The ship, which left the Port of L.A. around 7 a.m., was brought in amid fears of a surge in hospital demand brought on by the COVID-19 crisis. It was set up to help treat non-coronavirus patients to help Southern California hospitals handle the surge.
Officials say staff treated 77 non-coronavirus patients during the ship's time in Los Angeles.
Mark Ghilarducci, the director of California Governor's Office of Emergency Services, said Mercy's role was critical during the first stages of the pandemic.
Some crew members from the ship will remain in the area to continue providing support, including 40 going to the state-run alternative care site at Fairview Developmental Center in Costa Mesa.
State officials thanked the Navy for the help.
"Our work to protect public health and safety is far from done but having the Mercy and its highly-trained medical personnel stationed in the most populous region of the state was critical to our ability to respond in the first stages of the pandemic. We thank our colleagues in the U.S. Navy, FEMA and the federal administration for their support in allowing us to use the Mercy," said Cal OES Director Mark Ghilarducci.
The ship's departure had been expected after it began scaling back its mission in the last two weeks.
The ship arrived with about 800 active duty doctors, nurses and medical staff members on board. It initially had 1,000 beds available, but that was later scaled back to free medical staff for other missions.
The ship left San Diego on March 23 and arrived in Los Angeles four days later to provide relief by taking patients who were not infected with the virus.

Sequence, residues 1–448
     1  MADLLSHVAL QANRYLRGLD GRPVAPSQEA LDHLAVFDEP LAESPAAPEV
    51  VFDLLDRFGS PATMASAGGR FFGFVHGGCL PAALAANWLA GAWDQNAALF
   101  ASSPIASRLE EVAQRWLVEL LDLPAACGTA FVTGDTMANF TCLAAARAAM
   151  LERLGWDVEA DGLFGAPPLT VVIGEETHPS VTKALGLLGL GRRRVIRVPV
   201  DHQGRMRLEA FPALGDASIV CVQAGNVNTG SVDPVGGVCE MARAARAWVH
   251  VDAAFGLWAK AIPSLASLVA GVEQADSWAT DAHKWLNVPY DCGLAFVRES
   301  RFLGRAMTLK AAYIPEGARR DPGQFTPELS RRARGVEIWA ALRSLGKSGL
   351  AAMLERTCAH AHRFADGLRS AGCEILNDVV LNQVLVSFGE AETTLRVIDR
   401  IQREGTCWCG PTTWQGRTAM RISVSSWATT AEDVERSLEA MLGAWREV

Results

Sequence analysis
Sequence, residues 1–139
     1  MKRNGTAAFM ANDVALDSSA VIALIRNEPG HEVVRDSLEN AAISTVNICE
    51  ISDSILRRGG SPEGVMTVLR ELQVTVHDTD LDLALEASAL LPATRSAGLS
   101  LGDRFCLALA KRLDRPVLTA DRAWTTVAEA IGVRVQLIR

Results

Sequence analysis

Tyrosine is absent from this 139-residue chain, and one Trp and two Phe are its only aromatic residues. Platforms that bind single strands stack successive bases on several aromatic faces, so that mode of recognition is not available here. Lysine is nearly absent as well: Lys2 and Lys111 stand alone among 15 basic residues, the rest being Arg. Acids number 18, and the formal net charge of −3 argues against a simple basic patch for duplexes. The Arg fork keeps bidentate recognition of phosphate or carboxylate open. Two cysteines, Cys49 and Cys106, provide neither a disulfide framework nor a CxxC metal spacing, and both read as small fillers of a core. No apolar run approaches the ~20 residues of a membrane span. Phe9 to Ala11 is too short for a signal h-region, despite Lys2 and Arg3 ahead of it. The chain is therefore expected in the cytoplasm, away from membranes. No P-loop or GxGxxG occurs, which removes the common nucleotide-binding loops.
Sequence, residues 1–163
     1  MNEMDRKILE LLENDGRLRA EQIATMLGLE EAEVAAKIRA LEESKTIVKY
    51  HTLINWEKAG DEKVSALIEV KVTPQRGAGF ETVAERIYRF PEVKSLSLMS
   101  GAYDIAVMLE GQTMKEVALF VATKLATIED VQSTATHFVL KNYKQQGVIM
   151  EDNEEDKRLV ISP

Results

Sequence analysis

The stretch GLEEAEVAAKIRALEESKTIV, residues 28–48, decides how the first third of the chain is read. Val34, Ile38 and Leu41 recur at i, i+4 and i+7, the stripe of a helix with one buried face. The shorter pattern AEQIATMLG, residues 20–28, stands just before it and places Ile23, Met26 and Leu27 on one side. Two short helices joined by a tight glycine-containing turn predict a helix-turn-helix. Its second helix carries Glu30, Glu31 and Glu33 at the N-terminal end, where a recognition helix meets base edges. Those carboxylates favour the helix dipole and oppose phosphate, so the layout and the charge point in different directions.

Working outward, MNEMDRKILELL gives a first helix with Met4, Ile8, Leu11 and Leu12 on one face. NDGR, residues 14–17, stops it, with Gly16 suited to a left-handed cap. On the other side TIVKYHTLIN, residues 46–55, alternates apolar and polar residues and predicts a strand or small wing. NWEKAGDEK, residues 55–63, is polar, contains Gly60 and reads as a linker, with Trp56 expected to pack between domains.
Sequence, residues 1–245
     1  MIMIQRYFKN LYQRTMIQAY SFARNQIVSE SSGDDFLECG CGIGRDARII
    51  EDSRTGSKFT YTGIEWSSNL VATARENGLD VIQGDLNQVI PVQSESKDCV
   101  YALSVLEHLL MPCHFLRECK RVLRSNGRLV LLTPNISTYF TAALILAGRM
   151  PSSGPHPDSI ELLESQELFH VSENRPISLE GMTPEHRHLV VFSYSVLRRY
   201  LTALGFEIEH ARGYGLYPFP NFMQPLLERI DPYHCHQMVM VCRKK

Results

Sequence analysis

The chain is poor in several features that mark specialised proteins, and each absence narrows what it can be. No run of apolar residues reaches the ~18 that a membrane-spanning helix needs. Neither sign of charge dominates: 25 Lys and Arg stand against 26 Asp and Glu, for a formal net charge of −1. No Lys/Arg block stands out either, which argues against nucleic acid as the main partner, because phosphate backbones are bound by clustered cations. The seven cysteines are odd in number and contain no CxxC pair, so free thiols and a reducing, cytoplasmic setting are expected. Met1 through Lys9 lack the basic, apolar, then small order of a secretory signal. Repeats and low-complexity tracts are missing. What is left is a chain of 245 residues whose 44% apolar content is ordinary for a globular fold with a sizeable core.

The facility was designed to remain a strict non-coronavirus zone with protocols for testing patients and staffers.
But several crew members did test positive for the coronavirus and more than 100 were taken off the ship and temporarily quarantined because of potential contact with a person who tested positive.
Last month, a train engineer was accused of intentionally running a train off the tracks at high speed near the Port of Los Angeles in an attempt to crash into the Mercy.
The Pacific Harbor Line train derailed, running through the end of the track and crashing through barriers, finally coming to rest about 250 yards from the docked naval ship. Federal prosecutors allege train engineer Eduardo Moreno, 44, of San Pedro intended to hit the ship, saying he thought it was "suspicious" and did not believe "the ship is what they say it's for.'"
RELATED: Prosecutors: Engineer deliberately ran train off tracks in attempt to smash the USNS Mercy